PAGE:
The direct selling industry in the United States… think Amway, Avon, Mary Kay… was a $28.33 billion business in 2009, although the more interesting number may be the 16.1 million salespeople involved in direct sales.
Philanthropically Avon and Mary Kay both are strongly… although not exclusively… involved with women’s issues.
So who does Amway support with its philanthropy and cause marketing? The short answer is children and children’s charities. But there’s more to it than that.
By itself Amway has 3 million Independent Business Owners (IBOs) and operations in 80 countries. Suffice it to say that just writing a check to the local children’s hospital in Grand Rapids, Michigan where Amway is headquartered… which Amway’s founders have done in a big way… isn’t entirely satisfying for the IBO in Japan or Singapore or even Canada.
Amway Global, ironically the North American affiliate of Amway Corp., mainly spreads its charitable dollars to three causes: Boys and Girls Clubs of America, Easter Seals, and SOS Children’s Villages, which is building ‘villages’ for homeless and abandoned kids in Haiti.
This ad, from Newsweek magazine in August 2010, highlights Amway Global’s three-year million-dollar donation to Boys and Girls Club of America to build community gardens at clubs in seven cities. The campaign provides curriculum on gardening to the clubs and, as the gardens grow, fresh fruits and veggies to Club members.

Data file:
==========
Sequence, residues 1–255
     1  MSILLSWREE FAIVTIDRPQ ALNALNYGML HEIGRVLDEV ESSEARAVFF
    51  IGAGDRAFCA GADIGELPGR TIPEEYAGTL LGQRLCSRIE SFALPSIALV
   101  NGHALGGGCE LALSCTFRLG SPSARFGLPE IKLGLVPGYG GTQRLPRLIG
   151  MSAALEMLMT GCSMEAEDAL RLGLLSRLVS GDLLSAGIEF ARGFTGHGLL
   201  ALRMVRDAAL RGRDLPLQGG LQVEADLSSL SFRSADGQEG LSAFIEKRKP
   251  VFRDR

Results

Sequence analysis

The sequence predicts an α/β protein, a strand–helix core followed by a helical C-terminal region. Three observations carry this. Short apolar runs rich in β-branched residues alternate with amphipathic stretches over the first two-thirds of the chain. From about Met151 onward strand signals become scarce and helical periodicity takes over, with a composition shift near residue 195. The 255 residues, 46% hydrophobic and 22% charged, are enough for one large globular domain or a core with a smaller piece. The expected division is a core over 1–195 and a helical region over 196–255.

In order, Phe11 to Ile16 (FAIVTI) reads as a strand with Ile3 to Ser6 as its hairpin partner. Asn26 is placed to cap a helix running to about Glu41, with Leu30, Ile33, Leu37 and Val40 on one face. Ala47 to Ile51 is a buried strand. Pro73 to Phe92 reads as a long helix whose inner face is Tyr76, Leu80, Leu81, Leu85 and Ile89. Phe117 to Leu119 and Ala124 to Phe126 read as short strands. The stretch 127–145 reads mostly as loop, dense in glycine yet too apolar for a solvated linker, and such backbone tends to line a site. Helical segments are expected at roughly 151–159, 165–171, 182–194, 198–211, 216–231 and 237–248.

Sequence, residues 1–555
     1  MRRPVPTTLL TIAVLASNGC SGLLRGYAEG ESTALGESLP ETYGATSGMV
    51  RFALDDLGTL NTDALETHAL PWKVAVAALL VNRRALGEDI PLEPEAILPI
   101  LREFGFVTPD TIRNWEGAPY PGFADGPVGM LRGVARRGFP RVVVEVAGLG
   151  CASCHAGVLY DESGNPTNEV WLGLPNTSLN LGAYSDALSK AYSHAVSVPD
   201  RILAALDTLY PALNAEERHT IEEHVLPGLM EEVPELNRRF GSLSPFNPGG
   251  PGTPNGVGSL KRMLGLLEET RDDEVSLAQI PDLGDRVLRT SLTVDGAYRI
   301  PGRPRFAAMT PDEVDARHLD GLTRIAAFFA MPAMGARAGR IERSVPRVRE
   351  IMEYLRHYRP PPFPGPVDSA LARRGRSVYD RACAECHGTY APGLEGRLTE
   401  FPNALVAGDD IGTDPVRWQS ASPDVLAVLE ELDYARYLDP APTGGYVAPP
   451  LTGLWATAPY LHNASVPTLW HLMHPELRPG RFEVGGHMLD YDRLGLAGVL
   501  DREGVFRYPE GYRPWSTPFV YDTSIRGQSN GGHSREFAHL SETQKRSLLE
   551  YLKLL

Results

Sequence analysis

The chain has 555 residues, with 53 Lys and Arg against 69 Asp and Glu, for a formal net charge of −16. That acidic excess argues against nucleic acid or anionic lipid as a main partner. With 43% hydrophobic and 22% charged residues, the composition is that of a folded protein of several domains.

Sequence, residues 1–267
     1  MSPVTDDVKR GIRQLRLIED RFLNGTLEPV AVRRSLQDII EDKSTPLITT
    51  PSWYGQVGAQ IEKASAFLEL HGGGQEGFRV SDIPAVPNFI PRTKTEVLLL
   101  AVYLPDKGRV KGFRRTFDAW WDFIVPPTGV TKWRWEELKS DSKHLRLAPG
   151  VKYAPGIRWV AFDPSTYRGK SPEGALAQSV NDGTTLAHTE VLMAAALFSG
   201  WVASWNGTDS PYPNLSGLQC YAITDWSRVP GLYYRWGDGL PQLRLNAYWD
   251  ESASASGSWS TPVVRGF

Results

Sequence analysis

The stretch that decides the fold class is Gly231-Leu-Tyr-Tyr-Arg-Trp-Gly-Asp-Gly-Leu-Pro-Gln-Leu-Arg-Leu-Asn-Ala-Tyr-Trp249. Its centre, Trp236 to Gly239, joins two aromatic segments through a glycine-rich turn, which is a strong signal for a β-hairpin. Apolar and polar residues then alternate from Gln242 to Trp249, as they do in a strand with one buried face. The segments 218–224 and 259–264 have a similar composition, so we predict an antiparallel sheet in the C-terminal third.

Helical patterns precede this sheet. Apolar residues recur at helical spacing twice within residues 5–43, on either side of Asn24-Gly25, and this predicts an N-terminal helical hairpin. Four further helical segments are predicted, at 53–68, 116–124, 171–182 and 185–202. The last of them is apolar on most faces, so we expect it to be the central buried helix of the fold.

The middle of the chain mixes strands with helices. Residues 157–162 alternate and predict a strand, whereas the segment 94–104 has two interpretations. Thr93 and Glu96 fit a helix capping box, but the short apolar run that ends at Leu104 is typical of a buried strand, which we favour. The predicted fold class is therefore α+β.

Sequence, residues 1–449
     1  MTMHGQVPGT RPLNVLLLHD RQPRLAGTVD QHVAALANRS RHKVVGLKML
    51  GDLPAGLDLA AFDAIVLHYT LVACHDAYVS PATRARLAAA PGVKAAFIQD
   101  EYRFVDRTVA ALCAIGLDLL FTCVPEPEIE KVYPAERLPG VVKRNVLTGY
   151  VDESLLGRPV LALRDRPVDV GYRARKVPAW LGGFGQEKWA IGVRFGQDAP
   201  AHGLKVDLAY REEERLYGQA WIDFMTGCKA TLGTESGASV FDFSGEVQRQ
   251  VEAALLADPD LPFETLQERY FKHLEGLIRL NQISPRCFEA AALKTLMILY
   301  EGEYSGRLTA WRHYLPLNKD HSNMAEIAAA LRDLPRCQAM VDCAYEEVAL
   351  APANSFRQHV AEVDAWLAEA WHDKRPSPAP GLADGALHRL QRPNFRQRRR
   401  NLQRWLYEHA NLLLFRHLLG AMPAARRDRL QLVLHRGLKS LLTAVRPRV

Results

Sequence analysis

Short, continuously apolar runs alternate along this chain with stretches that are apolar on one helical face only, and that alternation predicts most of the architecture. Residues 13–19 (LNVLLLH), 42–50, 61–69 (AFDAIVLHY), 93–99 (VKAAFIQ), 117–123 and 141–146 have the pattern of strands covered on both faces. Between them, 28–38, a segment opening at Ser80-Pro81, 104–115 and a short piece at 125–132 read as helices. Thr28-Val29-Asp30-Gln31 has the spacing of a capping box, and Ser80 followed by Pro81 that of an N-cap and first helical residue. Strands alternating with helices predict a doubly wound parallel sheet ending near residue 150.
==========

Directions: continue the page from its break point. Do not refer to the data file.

If seven cities seems like a low number, consider that Boys and Girls Clubs of America (BGCA) is largely a sanctioning body for the 4,000 clubs. Almost all the clubs are individual 501(c)(3) charities. So BGCA has little leverage with individual clubs to participate in national cause marketing campaigns.
One thing I didn’t see in this campaign is a place for Amway’s IBOs to participate, and that’s a pity, and probably short-sighted. Amway people on the ground helping kids plant or teaching the curriculum would almost certainly be an asset to the local Clubs. They'd also increase the bond between Amway and the Clubs and give the IBOs a stake in the campaign.
The campaign also seems like a slam dunk for other sponsors like plant and garden fertilizer and soil companies like Bonnie Plants and Scotts Miracle Grow.
Co-branding like that spreads the risk, brings greater resources to the table, and broadens the appeal. Amway could easily remain the main sponsor while a Bonnie or Miracle Grow would be co-sponsors.
Labels: Amway, Avon, Boys and Girls Club of America, Direct Selling Industry, Easter Seals, Mary Kay, Newsweek